Written by Guest blogger, Joshua Bamberger, MD, MPH, University of California, San Francisco; Chief Medical Consultant at Mercy Housing
In recent months, the intense healthcare debate has often centered around our individual values: how much autonomy should we have to control our healthcare finances? How do we meet our responsibility to care for people who live with mental illness, poverty, and chronic medical conditions? It’s not surprising that these values have sometimes conflicted with one another.
During this August Congressional recess, we can all take a deep breath knowing that our values can find common ground. In fact, a recent report developed by the Low Income Investment Fund and Mercy Housing for the Kresge Foundation and the California Endowment, shows how nine communities have forged alliances across the health and housing sectors to improve the health of people experiencing homelessness, while simultaneously controlling the run-away-train of healthcare spending.
These communities have used a variety of tools to increase the available number of housing units targeting homeless adults and people exiting institutions. The nine case studies combine strict fiscal controls with innovations in healthcare delivery systems to provide a template that could be replicated in communities across the country. While each case is unique, they all utilize one or more of three main strategies to invest healthcare dollars into housing:
- Use of shared savings, reserves, or increased financial flexibility within a capitated healthcare delivery system (either a Managed Care or Accountable Care Organization), in partnership with a local housing authority; and/or
- Use of Hospital Community Benefits Obligation; and/or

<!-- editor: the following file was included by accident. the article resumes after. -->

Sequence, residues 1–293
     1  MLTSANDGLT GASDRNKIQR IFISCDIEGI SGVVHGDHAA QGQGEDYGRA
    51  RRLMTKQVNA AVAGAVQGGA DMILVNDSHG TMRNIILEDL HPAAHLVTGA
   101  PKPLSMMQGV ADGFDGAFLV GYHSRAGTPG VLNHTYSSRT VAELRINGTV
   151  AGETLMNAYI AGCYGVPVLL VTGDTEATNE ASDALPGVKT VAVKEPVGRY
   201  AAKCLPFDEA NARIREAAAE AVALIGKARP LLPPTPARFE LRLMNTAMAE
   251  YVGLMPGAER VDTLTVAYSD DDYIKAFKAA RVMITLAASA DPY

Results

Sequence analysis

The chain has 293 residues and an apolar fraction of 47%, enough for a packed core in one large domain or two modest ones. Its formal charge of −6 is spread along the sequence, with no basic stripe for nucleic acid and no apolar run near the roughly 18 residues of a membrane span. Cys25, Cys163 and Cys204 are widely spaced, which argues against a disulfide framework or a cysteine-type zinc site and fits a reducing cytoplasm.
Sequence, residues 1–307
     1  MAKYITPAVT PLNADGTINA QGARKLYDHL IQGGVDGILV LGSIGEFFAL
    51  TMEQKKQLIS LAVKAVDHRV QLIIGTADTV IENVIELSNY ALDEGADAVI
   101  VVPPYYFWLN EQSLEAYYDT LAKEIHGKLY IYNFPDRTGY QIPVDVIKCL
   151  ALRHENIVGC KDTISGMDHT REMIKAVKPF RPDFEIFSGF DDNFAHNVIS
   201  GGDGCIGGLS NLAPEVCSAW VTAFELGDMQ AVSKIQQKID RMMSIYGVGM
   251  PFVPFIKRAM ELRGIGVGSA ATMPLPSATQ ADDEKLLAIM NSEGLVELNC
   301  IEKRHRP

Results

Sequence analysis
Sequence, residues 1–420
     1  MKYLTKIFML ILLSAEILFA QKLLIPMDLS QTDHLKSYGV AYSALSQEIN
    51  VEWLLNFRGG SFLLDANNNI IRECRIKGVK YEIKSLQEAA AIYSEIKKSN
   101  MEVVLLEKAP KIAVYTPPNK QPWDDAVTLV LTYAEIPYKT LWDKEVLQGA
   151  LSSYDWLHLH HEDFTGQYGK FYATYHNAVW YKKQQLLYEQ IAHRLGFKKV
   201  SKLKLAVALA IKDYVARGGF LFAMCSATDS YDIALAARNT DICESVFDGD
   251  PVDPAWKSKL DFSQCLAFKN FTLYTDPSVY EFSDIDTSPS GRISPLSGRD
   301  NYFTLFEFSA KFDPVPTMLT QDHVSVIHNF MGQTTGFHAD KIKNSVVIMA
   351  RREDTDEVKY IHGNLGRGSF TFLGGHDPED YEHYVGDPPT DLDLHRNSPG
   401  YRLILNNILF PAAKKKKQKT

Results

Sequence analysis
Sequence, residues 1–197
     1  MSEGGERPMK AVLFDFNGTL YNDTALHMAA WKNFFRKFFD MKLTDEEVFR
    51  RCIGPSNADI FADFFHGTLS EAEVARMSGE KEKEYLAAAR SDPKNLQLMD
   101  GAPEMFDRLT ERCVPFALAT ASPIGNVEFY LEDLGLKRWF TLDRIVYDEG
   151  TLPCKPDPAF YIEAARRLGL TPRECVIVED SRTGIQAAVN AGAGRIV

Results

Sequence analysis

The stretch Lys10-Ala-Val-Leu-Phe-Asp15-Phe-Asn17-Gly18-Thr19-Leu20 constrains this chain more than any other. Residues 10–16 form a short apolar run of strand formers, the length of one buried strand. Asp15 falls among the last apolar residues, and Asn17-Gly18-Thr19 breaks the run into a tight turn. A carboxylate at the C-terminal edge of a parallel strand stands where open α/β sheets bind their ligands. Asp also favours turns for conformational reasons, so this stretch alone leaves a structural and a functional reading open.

- Local or state investment built upon an expanding and evolving healthcare sector.
I encourage you to review the report and see how communities in California, Minnesota, New York, Ohio, Arizona, Pennsylvania, and Oregon are harnessing the power of innovation and collaboration to reduce costs, improve outcomes, and extend housing to the most vulnerable members of their community.
The Road Ahead
When Congress returns in the fall, Senators Murray and Alexander will lead a bipartisan effort around healthcare reform. These case studies can help guide coordination between the health and housing sectors. Each example started at the local level and expanded housing stock for high users of the healthcare system, despite regulations that restrict the use of Medicaid for “room and board.”
Congress will have the opportunity to provide leadership so that local communities can continue to innovate within a fixed budget. For example, when managed care organizations (MCOs) invest in housing for high healthcare users, Federal expenditures from Medicaid are often reduced. Despite the return on investment, MCOs are then punished by having a reduction in their annual capitated rate, because housing funds are not considered to be “medically necessary.”
Healthcare reform could allow, under certain circumstances, MCOs to invest in housing without this penalty.
In addition, the Federal government should single out hospital systems that prioritize housing to meet their Community Hospital Benefits Obligations as examples that other communities should emulate. Finally, supportive housing should become an acceptable alternative to institutional care so that services in supportive housing could be covered by a day rate from Medicaid through 1915c Assisted Living Waivers.
The cases described in our report show that successful strategies can work, despite the barriers in place by the Federal government. In fact, healthcare reform could reduce these barriers. In doing so, it will create more opportunities to deliver the life-saving treatment called housing to those whose basic survival depends on it.
Joshua Bamberger, MD, MPH is Assistant Clinical Professor of Family and Community Medicine at the University of California, San Francisco and Chief Medical Consultant at Mercy Housing. For re-prints of the Innovations in Health and Housing report or for more information, please write to email@example.com